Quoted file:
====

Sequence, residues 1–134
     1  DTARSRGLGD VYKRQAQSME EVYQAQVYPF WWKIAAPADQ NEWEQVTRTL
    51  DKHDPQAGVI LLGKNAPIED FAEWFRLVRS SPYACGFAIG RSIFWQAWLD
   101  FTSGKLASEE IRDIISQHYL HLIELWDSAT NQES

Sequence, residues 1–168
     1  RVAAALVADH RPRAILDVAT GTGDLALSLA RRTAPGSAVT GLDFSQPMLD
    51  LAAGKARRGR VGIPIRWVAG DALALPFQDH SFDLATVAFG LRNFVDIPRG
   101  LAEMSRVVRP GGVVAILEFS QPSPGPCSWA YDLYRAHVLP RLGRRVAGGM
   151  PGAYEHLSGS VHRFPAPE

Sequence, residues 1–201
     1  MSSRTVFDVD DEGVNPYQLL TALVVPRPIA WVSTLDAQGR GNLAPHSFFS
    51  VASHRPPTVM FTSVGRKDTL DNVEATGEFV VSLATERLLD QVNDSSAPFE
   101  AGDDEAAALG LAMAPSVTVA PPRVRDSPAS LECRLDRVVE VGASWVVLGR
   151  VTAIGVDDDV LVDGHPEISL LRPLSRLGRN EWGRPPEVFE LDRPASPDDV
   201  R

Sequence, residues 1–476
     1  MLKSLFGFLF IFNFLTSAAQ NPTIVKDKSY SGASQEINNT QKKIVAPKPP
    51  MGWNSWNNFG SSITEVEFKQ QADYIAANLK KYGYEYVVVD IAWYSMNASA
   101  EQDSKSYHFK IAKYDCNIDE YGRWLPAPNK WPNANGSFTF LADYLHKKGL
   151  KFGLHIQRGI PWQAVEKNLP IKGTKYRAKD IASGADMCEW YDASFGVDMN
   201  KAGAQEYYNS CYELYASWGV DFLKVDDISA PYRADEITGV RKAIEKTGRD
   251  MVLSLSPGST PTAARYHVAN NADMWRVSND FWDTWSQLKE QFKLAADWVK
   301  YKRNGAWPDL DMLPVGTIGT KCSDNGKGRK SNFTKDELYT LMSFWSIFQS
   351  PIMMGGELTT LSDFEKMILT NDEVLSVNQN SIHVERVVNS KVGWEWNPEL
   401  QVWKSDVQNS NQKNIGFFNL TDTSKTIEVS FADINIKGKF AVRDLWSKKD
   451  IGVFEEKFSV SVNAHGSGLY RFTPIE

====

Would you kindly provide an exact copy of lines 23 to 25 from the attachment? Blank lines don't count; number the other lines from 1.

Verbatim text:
   301  YKRNGAWPDL DMLPVGTIGT KCSDNGKGRK SNFTKDELYT LMSFWSIFQS
   351  PIMMGGELTT LSDFEKMILT NDEVLSVNQN SIHVERVVNS KVGWEWNPEL
   401  QVWKSDVQNS NQKNIGFFNL TDTSKTIEVS FADINIKGKF AVRDLWSKKD